I should be studying for my midterms and probably write more puzzles for this blog, but I’m writing this anyway. Two quick rants about certain aspects of board games.
Carcassonne is good as is. You don’t need to add the variant of holding tiles in hand to make it “more strategic and less luck”. Or rather, the standard game and this variant appeal to different people. The standard game is about risk management; you want to leave your options open so whatever tile you’ll draw, you have a good spot for it. The holding tiles one clearly removes this part, so it’s more about setting up good places based on what tiles you have in hand. This also applies to Kingdom Builder and other such stuff.
There’s no such thing as multiplayer solitaire, no such thing as no player interaction. Any competitive (at least two-player) game has player interaction, unless your objective is to get a personal high score instead of beating the other players (in which, go play yourself and not with others). Take Yahtzee as an example. This has the absolute smallest amount of player interaction; namely, you can’t interact with each other players directly, changing their rolls or whatever. But there’s still player interaction. If you’re leading, you adjust your play to take small/moderate moves but guaranteed points; if you’re trailing, you adjust your play to make big, risky moves that can potentially propel you up. The only reason your play style can change is because there are other players, so that’s most certainly player interaction. This also applies to Reiner Knizia’s Decathlon. And don’t talk to me about Dominion; it has much more player interaction than that, even if you don’t have attack cards or anything; you have market play, you watch the Province pile depleting fast, you change what you’re doing. No game has absolutely no player interaction. No direct interaction, yes, but there’s always some indirect interaction.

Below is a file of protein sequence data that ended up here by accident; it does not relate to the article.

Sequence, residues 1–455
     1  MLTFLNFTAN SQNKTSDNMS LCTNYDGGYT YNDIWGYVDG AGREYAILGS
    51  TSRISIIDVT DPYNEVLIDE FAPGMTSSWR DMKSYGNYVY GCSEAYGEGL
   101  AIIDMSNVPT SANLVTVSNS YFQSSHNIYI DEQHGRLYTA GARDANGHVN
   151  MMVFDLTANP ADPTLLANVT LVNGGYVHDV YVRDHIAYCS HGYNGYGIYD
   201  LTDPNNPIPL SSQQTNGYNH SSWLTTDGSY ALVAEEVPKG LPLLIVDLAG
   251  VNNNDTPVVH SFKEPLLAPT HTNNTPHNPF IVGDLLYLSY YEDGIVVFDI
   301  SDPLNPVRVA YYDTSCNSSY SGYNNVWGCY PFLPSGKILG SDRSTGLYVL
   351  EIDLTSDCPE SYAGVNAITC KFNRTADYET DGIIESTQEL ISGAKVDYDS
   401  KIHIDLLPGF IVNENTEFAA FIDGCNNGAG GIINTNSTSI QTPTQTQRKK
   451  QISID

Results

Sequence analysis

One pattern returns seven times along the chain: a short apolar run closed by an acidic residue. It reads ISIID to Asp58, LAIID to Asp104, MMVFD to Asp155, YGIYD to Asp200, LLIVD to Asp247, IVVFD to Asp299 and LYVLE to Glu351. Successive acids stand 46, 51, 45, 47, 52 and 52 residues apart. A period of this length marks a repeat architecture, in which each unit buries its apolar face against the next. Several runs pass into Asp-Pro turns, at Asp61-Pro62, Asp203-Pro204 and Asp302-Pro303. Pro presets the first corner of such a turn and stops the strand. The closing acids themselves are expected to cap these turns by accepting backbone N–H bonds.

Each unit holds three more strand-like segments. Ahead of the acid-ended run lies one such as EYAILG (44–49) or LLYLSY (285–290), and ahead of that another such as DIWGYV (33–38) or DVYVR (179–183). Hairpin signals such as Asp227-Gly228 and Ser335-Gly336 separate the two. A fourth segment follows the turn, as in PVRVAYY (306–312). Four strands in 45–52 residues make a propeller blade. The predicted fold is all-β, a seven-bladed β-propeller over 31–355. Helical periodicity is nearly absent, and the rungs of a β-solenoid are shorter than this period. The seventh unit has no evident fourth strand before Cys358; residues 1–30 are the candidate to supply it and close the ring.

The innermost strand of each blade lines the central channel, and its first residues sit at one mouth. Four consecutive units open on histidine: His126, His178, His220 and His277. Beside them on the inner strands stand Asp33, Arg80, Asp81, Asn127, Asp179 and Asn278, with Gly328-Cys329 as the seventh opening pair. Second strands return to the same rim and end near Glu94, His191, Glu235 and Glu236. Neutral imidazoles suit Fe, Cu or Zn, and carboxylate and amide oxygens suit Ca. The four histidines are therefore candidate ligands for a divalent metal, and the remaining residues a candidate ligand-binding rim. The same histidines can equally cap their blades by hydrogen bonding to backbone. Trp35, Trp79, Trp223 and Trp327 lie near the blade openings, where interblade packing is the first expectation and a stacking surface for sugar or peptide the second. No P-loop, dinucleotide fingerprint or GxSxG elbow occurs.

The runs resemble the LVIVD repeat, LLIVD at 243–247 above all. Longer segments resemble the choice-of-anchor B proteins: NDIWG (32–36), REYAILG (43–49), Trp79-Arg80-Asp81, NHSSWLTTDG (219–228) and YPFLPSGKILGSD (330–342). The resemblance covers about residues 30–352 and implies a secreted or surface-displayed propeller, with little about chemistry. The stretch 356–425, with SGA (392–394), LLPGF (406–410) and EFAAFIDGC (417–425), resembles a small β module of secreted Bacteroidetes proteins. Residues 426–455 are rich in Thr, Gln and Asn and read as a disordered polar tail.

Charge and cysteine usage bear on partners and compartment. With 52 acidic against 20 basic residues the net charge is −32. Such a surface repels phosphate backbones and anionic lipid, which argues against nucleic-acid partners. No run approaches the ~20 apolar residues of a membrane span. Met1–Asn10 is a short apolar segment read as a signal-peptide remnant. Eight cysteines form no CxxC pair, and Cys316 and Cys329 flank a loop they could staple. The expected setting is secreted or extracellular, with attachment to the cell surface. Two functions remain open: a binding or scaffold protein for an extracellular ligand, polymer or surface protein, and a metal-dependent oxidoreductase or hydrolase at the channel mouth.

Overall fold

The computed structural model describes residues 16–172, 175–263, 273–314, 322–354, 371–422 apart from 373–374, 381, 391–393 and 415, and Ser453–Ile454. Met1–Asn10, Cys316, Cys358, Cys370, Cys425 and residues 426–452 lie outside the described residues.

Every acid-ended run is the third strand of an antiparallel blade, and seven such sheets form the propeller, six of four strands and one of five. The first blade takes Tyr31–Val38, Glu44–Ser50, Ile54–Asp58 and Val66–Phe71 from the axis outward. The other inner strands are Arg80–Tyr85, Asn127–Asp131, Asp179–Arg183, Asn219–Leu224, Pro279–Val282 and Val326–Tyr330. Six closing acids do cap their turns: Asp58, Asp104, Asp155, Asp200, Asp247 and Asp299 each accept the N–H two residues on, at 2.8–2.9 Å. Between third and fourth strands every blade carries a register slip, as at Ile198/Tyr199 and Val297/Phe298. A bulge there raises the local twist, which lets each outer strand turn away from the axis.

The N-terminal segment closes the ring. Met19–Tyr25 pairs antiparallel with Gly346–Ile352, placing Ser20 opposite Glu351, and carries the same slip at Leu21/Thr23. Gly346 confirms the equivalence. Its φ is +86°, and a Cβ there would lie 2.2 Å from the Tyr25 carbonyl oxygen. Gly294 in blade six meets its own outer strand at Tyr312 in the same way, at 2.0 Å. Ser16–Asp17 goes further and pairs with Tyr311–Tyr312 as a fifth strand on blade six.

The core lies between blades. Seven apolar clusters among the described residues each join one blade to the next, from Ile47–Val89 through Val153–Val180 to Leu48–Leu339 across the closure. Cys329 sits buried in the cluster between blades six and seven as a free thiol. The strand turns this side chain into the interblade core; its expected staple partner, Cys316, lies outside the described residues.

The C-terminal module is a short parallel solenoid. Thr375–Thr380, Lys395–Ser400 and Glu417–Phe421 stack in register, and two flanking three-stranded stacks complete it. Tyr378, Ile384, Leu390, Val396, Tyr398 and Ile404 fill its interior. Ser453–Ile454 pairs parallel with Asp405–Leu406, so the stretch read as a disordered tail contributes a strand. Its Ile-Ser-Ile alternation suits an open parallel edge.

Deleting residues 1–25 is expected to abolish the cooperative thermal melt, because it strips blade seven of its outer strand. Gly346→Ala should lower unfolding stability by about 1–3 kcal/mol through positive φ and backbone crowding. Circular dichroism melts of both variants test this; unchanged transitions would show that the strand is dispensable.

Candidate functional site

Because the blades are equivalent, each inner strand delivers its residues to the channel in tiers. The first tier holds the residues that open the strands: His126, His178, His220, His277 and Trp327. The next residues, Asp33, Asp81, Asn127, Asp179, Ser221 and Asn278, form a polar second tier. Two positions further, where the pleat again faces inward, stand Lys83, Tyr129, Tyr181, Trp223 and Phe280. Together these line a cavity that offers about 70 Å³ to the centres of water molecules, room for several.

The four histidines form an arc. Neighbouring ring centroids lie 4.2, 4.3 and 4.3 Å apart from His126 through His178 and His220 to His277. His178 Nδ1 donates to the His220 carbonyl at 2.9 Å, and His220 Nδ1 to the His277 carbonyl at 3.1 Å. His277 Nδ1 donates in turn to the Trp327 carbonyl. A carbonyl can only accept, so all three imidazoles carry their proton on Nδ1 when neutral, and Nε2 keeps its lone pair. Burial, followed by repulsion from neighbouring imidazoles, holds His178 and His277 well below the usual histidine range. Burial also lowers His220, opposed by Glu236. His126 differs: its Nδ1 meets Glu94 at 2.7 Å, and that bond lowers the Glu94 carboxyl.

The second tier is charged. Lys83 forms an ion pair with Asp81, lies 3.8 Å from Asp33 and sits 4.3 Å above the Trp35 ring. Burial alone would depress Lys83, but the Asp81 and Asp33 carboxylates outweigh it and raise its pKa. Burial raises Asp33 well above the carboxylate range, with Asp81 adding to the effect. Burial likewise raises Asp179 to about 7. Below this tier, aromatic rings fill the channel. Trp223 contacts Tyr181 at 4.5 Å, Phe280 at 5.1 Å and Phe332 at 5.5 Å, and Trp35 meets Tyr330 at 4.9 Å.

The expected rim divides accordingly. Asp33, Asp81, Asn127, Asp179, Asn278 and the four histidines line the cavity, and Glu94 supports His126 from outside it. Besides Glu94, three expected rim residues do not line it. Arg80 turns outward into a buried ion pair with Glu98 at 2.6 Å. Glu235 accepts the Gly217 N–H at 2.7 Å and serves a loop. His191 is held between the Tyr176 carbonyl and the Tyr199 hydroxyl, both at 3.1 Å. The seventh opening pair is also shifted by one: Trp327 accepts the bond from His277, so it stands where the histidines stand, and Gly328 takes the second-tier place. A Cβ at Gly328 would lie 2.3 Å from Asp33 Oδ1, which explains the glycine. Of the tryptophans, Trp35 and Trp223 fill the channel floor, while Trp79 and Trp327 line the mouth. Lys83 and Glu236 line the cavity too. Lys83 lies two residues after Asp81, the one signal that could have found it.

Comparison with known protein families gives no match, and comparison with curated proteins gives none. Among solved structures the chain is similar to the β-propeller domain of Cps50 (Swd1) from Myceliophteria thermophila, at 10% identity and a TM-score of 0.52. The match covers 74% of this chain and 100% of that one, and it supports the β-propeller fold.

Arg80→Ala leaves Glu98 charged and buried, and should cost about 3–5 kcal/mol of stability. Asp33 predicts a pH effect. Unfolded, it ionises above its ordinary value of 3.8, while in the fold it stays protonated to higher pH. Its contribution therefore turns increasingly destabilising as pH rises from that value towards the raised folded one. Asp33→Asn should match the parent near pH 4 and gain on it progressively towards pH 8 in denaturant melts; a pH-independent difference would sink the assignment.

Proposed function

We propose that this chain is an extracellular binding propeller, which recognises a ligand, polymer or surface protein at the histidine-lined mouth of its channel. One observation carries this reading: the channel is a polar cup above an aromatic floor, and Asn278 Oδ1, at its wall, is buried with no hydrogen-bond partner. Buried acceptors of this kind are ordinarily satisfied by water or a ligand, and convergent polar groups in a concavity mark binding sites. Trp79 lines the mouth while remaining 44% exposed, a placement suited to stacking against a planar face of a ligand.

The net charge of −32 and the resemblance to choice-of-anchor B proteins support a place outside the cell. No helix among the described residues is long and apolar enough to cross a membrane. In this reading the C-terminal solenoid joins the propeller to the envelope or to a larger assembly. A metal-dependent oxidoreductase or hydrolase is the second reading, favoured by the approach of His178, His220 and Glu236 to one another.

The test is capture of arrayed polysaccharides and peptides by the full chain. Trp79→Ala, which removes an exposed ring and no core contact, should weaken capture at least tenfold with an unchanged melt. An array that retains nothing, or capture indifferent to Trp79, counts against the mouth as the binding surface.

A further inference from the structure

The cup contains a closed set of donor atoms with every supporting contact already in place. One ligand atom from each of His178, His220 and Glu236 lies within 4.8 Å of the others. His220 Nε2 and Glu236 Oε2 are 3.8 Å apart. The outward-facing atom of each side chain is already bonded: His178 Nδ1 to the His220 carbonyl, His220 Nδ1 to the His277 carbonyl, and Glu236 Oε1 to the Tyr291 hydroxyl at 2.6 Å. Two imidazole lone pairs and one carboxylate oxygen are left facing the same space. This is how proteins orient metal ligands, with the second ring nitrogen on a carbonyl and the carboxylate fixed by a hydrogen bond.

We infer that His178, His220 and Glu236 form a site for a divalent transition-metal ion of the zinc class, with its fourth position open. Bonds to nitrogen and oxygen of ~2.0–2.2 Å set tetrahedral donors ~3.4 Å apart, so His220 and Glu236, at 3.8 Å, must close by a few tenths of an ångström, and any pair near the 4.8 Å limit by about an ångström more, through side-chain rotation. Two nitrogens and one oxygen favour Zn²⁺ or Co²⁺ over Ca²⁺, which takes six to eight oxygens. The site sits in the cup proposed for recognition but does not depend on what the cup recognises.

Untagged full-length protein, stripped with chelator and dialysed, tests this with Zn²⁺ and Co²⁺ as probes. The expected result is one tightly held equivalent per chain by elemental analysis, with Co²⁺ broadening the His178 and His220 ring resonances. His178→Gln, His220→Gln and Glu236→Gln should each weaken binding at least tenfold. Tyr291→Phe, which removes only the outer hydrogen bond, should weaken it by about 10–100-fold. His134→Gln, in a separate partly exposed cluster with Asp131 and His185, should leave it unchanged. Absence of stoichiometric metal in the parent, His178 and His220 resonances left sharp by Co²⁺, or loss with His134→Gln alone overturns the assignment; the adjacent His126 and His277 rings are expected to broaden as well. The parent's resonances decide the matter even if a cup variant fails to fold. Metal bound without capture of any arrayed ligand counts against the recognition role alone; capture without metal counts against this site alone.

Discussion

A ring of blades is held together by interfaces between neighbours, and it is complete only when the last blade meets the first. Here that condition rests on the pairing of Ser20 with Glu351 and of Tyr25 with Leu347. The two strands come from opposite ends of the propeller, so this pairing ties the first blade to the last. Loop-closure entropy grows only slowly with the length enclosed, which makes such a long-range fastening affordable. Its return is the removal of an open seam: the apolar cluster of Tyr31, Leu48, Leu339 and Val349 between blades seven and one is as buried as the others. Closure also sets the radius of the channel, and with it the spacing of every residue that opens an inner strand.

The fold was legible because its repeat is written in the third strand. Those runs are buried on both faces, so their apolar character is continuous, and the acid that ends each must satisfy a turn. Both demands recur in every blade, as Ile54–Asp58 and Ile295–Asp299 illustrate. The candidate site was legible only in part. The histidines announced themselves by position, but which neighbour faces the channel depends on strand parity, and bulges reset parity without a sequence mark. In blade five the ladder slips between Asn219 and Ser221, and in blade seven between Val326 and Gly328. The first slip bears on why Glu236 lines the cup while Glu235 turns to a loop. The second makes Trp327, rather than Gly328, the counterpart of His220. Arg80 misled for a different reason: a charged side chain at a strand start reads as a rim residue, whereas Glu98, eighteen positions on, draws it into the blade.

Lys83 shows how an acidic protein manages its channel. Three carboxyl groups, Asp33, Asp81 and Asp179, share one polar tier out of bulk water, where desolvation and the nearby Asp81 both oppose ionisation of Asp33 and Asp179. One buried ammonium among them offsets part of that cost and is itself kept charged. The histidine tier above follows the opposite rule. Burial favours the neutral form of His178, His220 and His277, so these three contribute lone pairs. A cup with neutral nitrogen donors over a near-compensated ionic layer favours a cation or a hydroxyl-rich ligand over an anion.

Okay, that’s all I can think of for now.